Day 145: The Tardis Art Gallery of New South Wales


Today was hot, hot, hot and Sydney has a lot of free museums and galleries so I decided to visit them.

First stop, which I began to realise might be the only stop, as the galleries extend underground rather than above ground, was the Art Gallery of New South Wales.

Definitely bigger on the inside.

After two hours there including a very comprehensive free one hour tour of the major art works that the Gallery holds, I realised I’d only seen a quarter of what was displayed here.

Free art gallery tours have definitely been a great way to understand more about Australia’s history as well as seeing some beautiful artworks.

The tour guide seemed to think that my decision to head for a coffee meant that I was leaving. No, I just needed a pit stop before continuing.

So, some highlights… though these are just my highlights rather than the highlights. There is so much in this Gallery.

Everyone will take away something different.

Some of the works are incredibly hard hitting, some are beautiful and some are funny.

First off, these paintings by Aboriginal artists.

The second and third photographs show the first works to be prepared using traditional methods in art galleries.

Some Aboriginal elders had concerns that artwork that had spiritual meanings should not be displayed to outsiders.

The bark paintings were some of the first works to be displayed in an art gallery rather than a natural history museum.

The third shows Pukumani Grave Posts.

When someone dies, a post is carved and painted. A ceremony is held around it to help the spirit pass on. These were carved from iron wood, rather than blood wood and painted using different materials to those used for a ceremony, to ensure that these were recognised as art and not appropriation.

The first photograph is by Uta Uta Tjangala and is a painting of the desert from Jupiter Well to Tjukula. It reminds me of the way Van Gogh painted the night sky.

These two, by John Brack who was from Melbourne, represent every day life and sights…

… while this: Noel Counihan’s At the start of the march was painted during the Depression.

In happier times, Charles Meere painted Australian Beach Pattern and I did a double-take because this looked very similar to Soviet art 8 saw in galleries in Moscow.

With Australia Day rapidly approaching, there is a great deal of discussion about colonisation and its impact, and sitting in the corner was Captain Cook.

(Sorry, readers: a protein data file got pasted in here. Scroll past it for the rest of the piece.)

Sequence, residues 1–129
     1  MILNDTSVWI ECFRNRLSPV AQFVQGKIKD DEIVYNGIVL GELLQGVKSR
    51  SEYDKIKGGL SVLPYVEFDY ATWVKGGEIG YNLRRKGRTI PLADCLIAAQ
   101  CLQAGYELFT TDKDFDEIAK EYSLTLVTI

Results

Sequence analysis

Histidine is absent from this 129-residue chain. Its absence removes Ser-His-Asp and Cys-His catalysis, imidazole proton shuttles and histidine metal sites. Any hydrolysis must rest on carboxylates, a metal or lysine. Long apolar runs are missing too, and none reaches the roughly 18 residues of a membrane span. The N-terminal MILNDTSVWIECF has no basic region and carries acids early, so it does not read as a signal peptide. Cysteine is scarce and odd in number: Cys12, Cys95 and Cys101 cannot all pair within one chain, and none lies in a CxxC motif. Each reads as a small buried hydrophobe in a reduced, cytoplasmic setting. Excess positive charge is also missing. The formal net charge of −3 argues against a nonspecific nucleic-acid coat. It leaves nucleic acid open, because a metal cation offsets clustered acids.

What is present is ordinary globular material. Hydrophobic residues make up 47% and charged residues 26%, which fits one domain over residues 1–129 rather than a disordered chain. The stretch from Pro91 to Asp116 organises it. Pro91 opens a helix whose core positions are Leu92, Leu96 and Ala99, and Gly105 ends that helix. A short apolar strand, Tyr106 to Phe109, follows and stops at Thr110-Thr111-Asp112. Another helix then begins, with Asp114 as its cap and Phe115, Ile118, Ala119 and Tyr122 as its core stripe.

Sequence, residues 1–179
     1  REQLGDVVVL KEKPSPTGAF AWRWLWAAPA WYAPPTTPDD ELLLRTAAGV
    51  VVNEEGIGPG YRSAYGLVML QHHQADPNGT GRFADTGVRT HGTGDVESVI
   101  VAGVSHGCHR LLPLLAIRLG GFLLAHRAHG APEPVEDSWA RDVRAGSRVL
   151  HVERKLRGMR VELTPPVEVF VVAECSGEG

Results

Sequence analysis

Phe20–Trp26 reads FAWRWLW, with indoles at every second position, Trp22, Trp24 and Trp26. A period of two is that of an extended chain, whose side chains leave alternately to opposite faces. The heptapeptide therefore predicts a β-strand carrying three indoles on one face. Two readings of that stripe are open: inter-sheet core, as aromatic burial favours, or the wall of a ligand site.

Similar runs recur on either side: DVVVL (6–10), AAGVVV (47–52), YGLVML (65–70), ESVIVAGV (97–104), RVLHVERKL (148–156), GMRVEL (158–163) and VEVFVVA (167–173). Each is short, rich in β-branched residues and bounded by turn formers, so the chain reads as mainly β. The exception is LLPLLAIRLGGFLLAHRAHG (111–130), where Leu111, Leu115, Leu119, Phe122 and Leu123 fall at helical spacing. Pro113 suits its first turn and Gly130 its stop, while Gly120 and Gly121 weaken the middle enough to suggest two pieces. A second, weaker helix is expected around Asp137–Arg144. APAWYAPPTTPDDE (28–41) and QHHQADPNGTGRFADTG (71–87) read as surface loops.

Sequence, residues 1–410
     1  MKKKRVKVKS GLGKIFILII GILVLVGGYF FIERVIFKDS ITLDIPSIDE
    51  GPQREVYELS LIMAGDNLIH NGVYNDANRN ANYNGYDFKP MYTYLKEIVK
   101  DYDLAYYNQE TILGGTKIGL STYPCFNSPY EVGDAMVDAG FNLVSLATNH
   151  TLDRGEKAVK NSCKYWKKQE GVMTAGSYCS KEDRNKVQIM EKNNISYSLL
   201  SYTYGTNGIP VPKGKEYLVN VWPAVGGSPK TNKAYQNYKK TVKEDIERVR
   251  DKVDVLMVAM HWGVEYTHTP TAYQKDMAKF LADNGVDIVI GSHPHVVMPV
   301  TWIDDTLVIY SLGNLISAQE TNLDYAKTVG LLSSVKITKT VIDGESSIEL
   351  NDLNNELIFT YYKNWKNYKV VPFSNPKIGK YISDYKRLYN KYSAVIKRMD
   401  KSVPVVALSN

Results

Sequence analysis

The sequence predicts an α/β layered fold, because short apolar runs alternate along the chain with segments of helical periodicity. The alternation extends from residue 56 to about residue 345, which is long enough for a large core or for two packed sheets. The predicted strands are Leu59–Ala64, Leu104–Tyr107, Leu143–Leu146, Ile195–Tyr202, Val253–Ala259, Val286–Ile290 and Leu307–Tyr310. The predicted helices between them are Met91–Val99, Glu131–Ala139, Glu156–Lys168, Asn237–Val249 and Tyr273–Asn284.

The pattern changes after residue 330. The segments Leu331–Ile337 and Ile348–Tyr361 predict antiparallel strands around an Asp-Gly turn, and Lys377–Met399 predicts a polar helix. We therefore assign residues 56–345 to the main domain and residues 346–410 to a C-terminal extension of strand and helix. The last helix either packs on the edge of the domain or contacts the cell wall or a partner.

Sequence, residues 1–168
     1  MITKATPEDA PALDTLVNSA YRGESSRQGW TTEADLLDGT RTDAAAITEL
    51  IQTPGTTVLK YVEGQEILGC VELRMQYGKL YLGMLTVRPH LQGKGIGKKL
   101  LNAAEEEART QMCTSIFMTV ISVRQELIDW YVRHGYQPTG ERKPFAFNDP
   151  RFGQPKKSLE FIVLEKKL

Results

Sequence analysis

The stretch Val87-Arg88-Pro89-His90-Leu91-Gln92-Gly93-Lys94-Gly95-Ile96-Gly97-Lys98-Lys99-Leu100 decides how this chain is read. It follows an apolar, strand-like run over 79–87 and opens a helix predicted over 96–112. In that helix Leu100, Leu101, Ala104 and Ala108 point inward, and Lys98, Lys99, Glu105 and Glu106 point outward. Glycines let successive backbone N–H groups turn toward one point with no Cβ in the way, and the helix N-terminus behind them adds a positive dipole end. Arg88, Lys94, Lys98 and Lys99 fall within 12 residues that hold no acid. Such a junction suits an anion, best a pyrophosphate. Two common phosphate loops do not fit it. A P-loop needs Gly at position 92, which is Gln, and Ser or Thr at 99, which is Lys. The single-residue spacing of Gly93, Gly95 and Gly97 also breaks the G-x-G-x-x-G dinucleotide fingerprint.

Sculpted in stainless steel by a New Zealand artist Michael Parekowai, it’s not the traditional representation of the explorer.

His feet don’t touch the ground because he never actually set foot in Sydney. What’s he thinking about? His legacy? The impact of his actions?

It’s a beautiful statue and the gallery has placed it looking out of the window over the military harbour.

There are several works by the Australian artist Ben Quilty and I particularly liked this one, though I had to stand with my hands behind my back.

His technique is to clag the paint onto the canvas and it sticks up from the surface. It is really tempting to run your fingers over it.

I don’t know how kids cope. They don’t manage to keep their hands of Captain Cook as the fingerprints all over his legs show.

Quilty recently visited Greece and saw a tidemark of life jackets washed up on the beach. Each one had been bought by an asylum seeker/refugee desperate to cross the sea. Each one had failed – cheap and unsafe products.

The painting below was intended to reflect this tragedy and make links to asylum seekers who take their own lives while in Australia centres waiting for their applications to be processed.

His other activities included working with children in Syria and as a result there are 300 drawings of their in the gallery. These capture their daily lives.

Unsurprising that anyone would want to leave really.

This painting by Khadim Ali is a very literal interpretation of the demonetisation of refugees and asylum seekers.

Back to Quilty… The Gallery also includes these vast Rorschach style paintings where he again clagged on the painted then squished blank canvas against it to create a mirror image.

Obviously, I am clearly familiar with the technical artistic language to describe his techniques.

I loved this painting of a river bank.

I and then there was this…

The original Puppy by Jeff Koins was 12.4m high and stood on the Sydney Harbour. I really chuckled when I saw this, though I was less happy when I saw this…

I kept expecting it to move.

“Imagine walking around here in a night,” said the guy who was in agreement with me on the creepiness of this exhibit.

I’d rather not. I can see me having nightmares tonight.

The last exhibit I’m going to mention was the Acts of Kindness by Michael Landy.

He asked Sydney residents to share their stories of incidents of everyday compassion and generosity. He mapped out each of the example and created a huge jigsaw showing the locations across the city of where these had all occurred.

A genuinely great way of showing a city as a great place to live. I can see a mental wellbeing project in this.

Categories: Australia, Mental Health, Public Health, TravelTags: , , , , , , , , , , , , , , , , , ,

2 comments

  1. Much to admire. I liked the way they had Cook looking out over the military harbour. The manner the life jackets were grouped made me think of Auschwitz. Chilling. Lots to appreciate and contemplate in this gallery

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